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Coriolanus (Brecht)

From Wikipedia, the free encyclopedia

Coriolanus is an unfinished German adaptation by the modernist playwright Bertolt Brecht of the English 17th-century tragedy by William Shakespeare.[1] Brecht wrote it sometime between 1951 and 1953.[1] This adaptation reveals the influence of Mao Tse-tung on Brecht's social thought especially the idea of primary and secondary contradictions which Mao discussed in his treatise On Contradiction.[2] Brecht alluded to this text and discusses his development on the original and his ideas for its staging in an essay entitled "Study of the First Scene of Shakespeare's Coriolanus", which is written in the form of a dialogue with his collaborators at the Berliner Ensemble theatre company.[3] The play was first staged by Heinrich Koch at the Frankfurt Schauspielhaus theatre, where it opened on 22 September 1962.[1] It was later staged by the Berliner Ensemble in September 1964.[1] Ruth Berghaus became famous for her staging of the battle scenes in this production. The play was published in an English translation by Ralph Manheim in volume nine of Brecht's Collected Plays.[4]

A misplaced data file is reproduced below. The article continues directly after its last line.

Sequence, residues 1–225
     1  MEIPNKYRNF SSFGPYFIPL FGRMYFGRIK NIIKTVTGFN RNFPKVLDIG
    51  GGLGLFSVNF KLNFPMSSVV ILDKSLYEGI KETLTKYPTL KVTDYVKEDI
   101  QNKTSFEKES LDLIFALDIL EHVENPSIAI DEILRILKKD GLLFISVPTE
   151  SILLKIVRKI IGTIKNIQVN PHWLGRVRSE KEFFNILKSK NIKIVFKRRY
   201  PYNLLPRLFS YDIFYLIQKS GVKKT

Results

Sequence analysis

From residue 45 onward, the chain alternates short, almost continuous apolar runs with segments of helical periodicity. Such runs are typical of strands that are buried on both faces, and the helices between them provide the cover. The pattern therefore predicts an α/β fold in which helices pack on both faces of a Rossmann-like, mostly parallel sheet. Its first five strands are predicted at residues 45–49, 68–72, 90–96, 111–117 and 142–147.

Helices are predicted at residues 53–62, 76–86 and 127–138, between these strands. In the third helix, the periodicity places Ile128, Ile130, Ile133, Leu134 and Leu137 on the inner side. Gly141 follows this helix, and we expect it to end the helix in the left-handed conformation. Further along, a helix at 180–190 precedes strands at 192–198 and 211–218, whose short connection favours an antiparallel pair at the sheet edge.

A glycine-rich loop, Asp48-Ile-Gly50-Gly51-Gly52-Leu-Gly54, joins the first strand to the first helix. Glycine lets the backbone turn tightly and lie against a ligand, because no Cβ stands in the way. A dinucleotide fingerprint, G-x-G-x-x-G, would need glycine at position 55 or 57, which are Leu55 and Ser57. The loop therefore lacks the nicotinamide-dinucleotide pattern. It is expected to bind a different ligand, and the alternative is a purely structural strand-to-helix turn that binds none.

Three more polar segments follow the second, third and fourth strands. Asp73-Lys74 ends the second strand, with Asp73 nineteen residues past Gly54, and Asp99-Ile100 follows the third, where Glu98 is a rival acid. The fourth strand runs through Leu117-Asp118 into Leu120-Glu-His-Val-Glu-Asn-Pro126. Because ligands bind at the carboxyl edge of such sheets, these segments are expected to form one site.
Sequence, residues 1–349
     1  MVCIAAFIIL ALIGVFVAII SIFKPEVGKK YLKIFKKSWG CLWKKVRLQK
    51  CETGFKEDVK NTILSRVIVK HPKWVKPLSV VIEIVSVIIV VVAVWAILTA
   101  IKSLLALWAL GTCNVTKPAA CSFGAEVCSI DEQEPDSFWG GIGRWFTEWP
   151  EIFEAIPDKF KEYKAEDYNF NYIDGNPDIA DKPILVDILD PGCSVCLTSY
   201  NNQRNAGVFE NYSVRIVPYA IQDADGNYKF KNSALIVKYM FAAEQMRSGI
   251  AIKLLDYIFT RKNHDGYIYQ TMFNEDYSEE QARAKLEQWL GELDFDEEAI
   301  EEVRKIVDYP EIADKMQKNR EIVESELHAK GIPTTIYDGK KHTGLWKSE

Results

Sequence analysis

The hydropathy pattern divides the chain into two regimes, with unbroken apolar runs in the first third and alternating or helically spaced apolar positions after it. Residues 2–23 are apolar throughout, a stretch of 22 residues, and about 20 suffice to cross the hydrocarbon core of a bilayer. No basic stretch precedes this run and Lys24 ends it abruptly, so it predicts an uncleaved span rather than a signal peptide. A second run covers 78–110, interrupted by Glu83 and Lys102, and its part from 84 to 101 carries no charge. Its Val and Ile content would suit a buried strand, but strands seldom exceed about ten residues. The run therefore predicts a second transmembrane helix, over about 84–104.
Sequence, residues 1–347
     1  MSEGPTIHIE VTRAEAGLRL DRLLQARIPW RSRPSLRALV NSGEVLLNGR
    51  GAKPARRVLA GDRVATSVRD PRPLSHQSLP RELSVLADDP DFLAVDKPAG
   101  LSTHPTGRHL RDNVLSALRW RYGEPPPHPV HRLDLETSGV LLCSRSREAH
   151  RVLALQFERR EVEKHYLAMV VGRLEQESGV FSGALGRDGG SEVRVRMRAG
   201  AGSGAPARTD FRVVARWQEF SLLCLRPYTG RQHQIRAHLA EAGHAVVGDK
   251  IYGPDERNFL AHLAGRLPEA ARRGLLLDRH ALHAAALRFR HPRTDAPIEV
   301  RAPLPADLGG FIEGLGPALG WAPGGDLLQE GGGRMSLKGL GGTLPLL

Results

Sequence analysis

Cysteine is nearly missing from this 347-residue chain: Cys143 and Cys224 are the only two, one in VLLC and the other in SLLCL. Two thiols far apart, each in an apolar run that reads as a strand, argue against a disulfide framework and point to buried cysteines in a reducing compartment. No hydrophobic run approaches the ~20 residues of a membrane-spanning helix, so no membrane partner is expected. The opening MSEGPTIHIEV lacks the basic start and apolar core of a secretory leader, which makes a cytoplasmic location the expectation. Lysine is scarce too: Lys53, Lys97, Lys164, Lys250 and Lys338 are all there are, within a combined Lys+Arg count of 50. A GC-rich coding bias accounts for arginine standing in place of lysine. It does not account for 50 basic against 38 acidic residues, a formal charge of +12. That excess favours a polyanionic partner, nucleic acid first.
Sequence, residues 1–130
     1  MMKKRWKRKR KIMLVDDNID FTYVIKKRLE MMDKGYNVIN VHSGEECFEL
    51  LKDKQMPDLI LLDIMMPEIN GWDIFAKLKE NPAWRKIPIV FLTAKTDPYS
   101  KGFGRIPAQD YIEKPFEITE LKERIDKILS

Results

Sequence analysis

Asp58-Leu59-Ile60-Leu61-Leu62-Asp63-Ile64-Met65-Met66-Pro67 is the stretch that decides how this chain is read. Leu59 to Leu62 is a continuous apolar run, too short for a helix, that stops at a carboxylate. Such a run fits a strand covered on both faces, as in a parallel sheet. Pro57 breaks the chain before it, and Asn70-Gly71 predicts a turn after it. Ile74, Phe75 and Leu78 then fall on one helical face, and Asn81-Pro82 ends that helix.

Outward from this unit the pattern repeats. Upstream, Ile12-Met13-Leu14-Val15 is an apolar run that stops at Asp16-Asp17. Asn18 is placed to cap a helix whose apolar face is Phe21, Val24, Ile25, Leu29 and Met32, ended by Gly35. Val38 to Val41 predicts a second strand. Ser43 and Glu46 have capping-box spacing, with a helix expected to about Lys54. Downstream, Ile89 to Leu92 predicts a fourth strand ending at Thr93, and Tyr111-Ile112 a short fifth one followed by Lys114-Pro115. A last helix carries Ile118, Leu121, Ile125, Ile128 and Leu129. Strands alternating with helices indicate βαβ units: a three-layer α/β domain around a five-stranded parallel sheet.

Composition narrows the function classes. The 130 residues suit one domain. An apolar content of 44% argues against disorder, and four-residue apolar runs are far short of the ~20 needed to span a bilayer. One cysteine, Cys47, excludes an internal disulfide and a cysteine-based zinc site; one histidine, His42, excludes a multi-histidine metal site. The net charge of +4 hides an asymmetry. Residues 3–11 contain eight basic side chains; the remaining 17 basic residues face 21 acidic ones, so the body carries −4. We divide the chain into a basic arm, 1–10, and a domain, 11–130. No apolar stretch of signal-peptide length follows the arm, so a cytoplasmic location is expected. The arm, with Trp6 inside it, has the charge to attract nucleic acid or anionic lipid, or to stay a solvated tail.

References

  1. ^ a b c d Willett (1959, 63).
  2. ^ Squiers, Anthony (2013). "Contradiction and Coriolanus: A Philosophical Analysis of Mao Tse Tung's influence on Bertolt Brecht". Philosophy and Literature.
  3. ^ Brecht (1964, 252-265).
  4. ^ Manheim and Willett (1972, 57-146).

Works cited


This page was last edited on 28 June 2019, at 15:42
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